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Iron ore prices hit over six-year high on tight supply

Highlights

Supply deficit for medium grade fines

Prices likely to remain supported by firm demand

Singapore — The seaborne iron ore price hit more than six-year high Aug. 18, due to supply shortness of medium grade fines and a strong demand recovery in China post-pandemic.

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S&P Global Platts assessed the 62% Fe Iron Ore Fines Index at $127.60/dry mt Aug. 18, the highest since January 2014.

Seaborne iron ore prices - Platts IODEX

Production disruptions in Brazil in the first half of 2020 due to the extended monsoon season and COVID-19-related precautionary measures weighed on the overall supply of iron ore fines.

Despite firm shipment volumes from Australia, market sources saw iron ore inventories at Chinese port tumbling down, especially for medium grade fines, amid heavy reliance on sintered ores in blast furnaces among Chinese steelmakers.

"High grade fines and direct feed cargoes are much more economical than medium grade fines from a theoretical perspective, but medium grade fines still form the bulk of sinter feed blends," a China-based trader said.

Meanwhile, iron ore demand was lifted by a swift recovery of the crude steel production in China since April, with July monthly production volume jumping 9.1% year on year to 93.36 million mt, National Bureau of Statistics, or NBS, data showed.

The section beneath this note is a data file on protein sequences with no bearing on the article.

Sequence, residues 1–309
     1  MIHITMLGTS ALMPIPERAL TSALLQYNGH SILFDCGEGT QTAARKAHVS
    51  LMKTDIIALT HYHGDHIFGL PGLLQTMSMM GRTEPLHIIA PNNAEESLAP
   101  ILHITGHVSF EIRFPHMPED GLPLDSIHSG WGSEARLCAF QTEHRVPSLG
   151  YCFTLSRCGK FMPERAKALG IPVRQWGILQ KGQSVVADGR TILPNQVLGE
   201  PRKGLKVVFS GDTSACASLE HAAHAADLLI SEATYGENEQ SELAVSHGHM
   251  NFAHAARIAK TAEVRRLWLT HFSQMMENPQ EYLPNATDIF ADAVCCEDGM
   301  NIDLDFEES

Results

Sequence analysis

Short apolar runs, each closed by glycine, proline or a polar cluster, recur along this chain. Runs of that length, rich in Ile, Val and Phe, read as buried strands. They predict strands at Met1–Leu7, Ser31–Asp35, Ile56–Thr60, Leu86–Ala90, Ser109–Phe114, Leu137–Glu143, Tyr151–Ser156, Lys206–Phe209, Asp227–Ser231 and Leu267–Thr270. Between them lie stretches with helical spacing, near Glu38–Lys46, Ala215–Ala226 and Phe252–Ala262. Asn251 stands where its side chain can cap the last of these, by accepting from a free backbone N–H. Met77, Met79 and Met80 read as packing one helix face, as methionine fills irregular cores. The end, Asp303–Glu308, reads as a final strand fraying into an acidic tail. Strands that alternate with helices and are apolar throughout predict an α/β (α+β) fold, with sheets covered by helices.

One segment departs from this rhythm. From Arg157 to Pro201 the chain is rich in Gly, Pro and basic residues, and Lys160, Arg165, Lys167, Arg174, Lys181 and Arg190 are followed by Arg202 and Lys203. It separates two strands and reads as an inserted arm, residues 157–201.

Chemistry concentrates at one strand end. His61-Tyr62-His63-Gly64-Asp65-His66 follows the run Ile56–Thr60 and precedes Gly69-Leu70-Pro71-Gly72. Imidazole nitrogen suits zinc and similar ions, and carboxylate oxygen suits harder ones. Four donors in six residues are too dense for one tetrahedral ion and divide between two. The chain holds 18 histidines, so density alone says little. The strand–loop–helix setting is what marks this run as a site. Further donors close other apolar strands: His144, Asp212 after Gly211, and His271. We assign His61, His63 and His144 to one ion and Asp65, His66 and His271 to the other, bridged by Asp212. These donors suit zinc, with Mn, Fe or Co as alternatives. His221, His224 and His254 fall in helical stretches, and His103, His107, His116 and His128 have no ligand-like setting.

Sources attributed the strength in steel outlook to government support on property and infrastructures investments, and steady recovery of key manufacturing sectors post-pandemic.

Traded prices for portside inventories -- a hand-to-mouth procurement option for small quantity purchases -- continued to be higher than seaborne prices for mainstream fines, supporting demand for seaborne cargoes.

China domestic port stock assessment for Eastern China ports closed at Yuan 970/wmt on Aug. 19, or $131.16/dmt, on import-parity basis, $3.56/dmt higher than the seaborne IODEX on the same day.

Amid increasing caution from market participants over a possible correction in prices, several sources expected continued support for seaborne price levels.

End-users are buying seaborne cargoes in light of current portside price levels, and secondary market demand will continue to fuel buying interest for direct cargo sales from the miners, an international trader said.

While end-users have in the past relied on portside buying to be flexible in times of high prices, increased levels of steel production will support bulk buying of seaborne cargoes at lower prices, a procurement source said.

Procurement demand will unlikely tail-off in the near-term on healthy steel margins and the upcoming peak demand season for steel finished products in September and October, an end-user source said.